Josh Jackson is improving, but is he ready to be a starter for the Suns?

Richard Mackson-USA TODAY Sports

Evan recently had an interesting film study on how much better Jackson is improving on offense this season. It shows Josh seems to understand how to use his athleticism and skills better and has let the game come to him more.

James Jones has also lauded his play of late:

"He’s relentless. Josh is one of those guys that I say doesn’t take possessions off. He competes. If there’s a turnover, Josh will run it down. If there’s an opportunity to attack the glass and make an emphatic play that will lift our team, lift our crowd, he lives for those moments. And you’ve seen him steadily get stronger. His endurance has picked up, so he’s playing at a higher pace for longer and he’s wearing teams down. So, we’re extremely excited about the strides Josh has made, especially the last few weeks."

While we don't know where Josh's ceiling will ultimately end up being, the recent improvements have been a welcome sign. This team needs all the help it can get. Whiffing on the 2017 draft would be (another) big black eye on the franchise's history. Its looking less and less that the #4 pick will be a bust. He's still got a long way to go to make Suns fans to feel like selecting Josh was the right choice over De'aaron Fox. But looking at what a hard worker he is, and how much he hates to be outplayed, I won't count him out.

With TJ nursing (yet) another mysterious injury, Josh has seemingly flourished in the starter's role. Or has he? And what is his role, ultimately?

I started looking to just how much he has improved month to month, and found interesting statistics that show that while his offense has truly found a new and improved rhythm, his overall play has perhaps not.

All info from, and looking at splits.

As Evan’s article points out, Josh has gotten a lot better at finding his spots and being a more efficient scorer. If you look at his monthly splits, his TS% has shot up to ranges I, frankly, never thought we’d see.

Oct : .409
Nov: .483
Dec: .447
Jan: .513
Feb: .563 (!!)

That’s impressive. But there are concerning signs.

For one, as he’s gotten more playing time, his DRtg has dropped considerably from a low this season in November of 109 up to 117 for two months in a row now. Maybe some of that is on the team overall. But there are other warning signs.

While his points and assists per game have gone up with increased minutes and offensive officially, his +/- have dropped a LOT.

Dec: -2.9
Jan: -11.1
Feb: -13.2

That also may be from overall poor team play. Yet- Other interesting stats show he is clearly better as a reserve.

TS%…… .459……….. .516
USG%… 26.3………. 23.4
ORtg…… 85………… 94
DRtg…… 114………. 114
+/- ……. -18.0…….. -2.9
MP……… 29.8………. 20.8
(PTS, TRB, AST stay about even per 36 min)

These numbers start to suggest that Josh’s best use is still off the bench as an energy defender, secondary play-maker/scorer. With his new found skills as a scorer, this makes even more sense as he can totally torch opposing bench units.

JJ is improving, but not ready for the full-time starting role. He needs to continue to improve his offense without letting his energy defense lapse. Right now that seems to be within a slightly smaller role of about 20-24 mpg.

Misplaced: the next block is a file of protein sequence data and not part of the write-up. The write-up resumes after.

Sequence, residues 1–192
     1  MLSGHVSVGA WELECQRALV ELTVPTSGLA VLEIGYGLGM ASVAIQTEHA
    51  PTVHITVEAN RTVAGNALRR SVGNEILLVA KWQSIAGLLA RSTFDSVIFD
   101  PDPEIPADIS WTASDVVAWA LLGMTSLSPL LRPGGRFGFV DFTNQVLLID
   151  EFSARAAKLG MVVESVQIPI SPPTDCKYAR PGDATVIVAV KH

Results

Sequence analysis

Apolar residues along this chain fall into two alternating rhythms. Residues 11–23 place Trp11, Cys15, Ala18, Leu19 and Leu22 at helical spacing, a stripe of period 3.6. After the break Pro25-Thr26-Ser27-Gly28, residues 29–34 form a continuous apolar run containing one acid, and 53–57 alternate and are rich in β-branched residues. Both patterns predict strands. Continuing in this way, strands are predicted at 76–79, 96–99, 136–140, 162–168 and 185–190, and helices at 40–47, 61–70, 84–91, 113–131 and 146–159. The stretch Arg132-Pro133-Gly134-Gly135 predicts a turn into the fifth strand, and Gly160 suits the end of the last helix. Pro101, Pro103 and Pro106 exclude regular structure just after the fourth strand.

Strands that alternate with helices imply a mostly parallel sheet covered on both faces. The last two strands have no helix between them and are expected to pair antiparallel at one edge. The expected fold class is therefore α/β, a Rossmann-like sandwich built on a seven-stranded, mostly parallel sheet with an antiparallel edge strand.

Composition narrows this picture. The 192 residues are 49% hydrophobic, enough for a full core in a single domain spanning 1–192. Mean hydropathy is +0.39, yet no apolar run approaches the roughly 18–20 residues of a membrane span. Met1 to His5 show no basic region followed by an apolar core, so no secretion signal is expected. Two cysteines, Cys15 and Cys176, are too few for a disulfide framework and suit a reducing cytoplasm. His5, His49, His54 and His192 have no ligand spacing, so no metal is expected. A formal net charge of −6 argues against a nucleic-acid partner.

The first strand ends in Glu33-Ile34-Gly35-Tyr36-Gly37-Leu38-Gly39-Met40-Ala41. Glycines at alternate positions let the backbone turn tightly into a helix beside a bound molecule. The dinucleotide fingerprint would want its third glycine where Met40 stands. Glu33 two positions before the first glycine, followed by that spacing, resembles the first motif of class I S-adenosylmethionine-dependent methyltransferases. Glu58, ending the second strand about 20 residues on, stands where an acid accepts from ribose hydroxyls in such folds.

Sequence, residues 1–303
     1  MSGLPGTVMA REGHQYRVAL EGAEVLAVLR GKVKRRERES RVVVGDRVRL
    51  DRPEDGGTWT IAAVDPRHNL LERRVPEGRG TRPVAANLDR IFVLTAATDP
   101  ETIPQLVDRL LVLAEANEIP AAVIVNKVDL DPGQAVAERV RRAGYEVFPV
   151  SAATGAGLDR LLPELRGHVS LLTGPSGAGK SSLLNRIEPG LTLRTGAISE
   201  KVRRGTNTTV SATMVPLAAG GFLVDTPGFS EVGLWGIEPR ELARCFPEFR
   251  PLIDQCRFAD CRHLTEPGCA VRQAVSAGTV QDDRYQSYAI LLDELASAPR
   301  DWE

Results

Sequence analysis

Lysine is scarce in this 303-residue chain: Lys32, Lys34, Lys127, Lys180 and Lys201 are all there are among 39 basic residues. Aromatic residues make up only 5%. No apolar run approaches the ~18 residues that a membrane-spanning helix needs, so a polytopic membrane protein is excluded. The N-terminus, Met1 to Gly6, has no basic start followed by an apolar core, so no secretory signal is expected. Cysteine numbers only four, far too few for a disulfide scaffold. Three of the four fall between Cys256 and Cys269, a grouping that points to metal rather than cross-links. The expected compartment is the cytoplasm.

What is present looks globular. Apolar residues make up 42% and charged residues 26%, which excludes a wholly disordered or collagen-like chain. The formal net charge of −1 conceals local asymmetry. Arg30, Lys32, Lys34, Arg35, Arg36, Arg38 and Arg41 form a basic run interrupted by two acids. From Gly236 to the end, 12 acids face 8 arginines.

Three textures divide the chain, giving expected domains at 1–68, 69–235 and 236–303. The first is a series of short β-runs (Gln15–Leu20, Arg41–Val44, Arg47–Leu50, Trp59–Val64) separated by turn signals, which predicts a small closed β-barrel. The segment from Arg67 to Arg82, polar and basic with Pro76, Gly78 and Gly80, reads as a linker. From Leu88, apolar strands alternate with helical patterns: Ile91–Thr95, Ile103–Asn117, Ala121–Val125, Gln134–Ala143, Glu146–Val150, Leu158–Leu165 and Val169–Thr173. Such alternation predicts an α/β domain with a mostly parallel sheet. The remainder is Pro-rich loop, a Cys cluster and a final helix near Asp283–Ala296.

What to do, then, when TJ is healthy again? Is it as easy as switching them out for each other? Call me skeptical that is the right decision.

There was a great BSoTS article (again by Evan) a while back that showed the combo of TJ, Booker, and Ayton is simply not good. Not enough defense. And while the article doesn't mention it, I might argue TJ also takes too many touches away from Ayton.

That article suggested replacing TJ with Oubre. I think this would be an improvement for the time being. But I also like the combination of JJ, Oubre, and Holmes. Those guys (often with Melton or Bridges on the floor) really flummoxed opposing bench squads, and brought the Suns back into games after the TJ, Booker, and Ayton combo would dig large holes. If we lose Oubre in that role, I think the bench squad doesn't dominate as much. I also think it is the combination of those three playing extended minutes that riled up the rest of the Suns roster to play harder. Place TJ on the bench with those guys to provide more scoring and it could be even more potent.

We really could have used a better starting PF to place next to Ayton for the rest of the season. That would have kept the bench mob together.

(Dare we try Bender there more? I've pretty much given up on him- and he hasn't impressed a ton in limited minutes this season. If you look at his game log, he only has one good game out of every 6-8.... just like last season. And his 3pt shooting has been attrocious (16%). But his aggressiveness and play at the rim has been way better. No. No. I can't go there.)

Perhaps the best way to handle it is to keep rotating the wings evenly. Start Oubre and never let Ayton play with TJ and Booker. Play Bender sparingly if you have to. But try to keep these combos together:

- Booker, Bridges, Ayton

- JJ, Oubre, Holmes

With the addition of Johnson (who I am totally not sold on yet), the team added another defensive guard to play next to either of the above combos. Melton and Johnson can play with either combo.

- Johnson, Booker, Bridges, Oubre, Ayton

- Melton, JJ, TJ, Holmes (along with Bridges, Oubre, Bender, Crawford, or Okobo)

If you have five players playing the majority of three positions (SG, SF, PF), they split 144 minutes (48x3), which equates to about 28 minutes each (divided by 5 players).

Booker - 34

Bridges - 25

Oubre - 25

TJ - 25

JJ - 25

Bender - 10 (or put these 10 minutes back with the wings)

This way you can keep at least two defensive wings on the floor all of the time, and three of them the majority of the time. Those playing best finish the game and get closer to 36 mpg. I think that is probably the best we can do the rest of the season.